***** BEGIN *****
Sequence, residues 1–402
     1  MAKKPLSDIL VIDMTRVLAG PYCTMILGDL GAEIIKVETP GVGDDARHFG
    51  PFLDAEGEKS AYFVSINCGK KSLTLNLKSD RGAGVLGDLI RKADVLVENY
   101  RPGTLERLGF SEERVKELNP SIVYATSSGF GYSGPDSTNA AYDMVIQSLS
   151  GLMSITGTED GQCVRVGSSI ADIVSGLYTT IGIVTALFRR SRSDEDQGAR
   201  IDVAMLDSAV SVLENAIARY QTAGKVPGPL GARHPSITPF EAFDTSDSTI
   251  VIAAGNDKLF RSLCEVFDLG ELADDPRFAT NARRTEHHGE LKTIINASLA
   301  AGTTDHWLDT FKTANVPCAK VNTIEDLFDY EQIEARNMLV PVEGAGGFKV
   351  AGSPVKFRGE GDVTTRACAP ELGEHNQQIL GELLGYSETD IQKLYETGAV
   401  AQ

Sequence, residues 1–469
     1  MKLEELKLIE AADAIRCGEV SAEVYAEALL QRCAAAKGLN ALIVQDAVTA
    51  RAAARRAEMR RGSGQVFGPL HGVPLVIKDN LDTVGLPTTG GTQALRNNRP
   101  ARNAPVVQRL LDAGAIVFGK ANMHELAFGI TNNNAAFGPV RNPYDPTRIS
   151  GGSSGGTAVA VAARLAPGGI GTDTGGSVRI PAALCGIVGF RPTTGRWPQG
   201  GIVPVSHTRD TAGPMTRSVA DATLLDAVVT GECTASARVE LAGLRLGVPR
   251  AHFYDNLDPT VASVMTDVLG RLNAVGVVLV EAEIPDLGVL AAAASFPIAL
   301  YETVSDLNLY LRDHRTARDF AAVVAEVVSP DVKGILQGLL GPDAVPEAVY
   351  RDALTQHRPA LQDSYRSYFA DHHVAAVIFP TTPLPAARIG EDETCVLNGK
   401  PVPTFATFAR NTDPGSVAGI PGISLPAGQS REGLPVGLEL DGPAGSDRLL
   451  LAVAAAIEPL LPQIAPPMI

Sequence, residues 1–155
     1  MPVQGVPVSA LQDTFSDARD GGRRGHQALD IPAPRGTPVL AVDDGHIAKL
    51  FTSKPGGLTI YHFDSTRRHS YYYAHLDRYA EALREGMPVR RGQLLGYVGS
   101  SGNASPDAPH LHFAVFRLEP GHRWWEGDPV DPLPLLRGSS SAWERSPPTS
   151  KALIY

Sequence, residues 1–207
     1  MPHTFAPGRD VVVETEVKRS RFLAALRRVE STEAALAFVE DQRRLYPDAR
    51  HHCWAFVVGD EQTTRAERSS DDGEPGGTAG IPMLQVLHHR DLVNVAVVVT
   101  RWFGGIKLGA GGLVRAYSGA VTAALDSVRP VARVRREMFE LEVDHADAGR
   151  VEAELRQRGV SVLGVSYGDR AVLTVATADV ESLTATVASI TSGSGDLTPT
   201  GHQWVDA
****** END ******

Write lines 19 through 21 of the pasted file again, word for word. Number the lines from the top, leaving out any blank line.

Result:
   351  RDALTQHRPA LQDSYRSYFA DHHVAAVIFP TTPLPAARIG EDETCVLNGK
   401  PVPTFATFAR NTDPGSVAGI PGISLPAGQS REGLPVGLEL DGPAGSDRLL
   451  LAVAAAIEPL LPQIAPPMI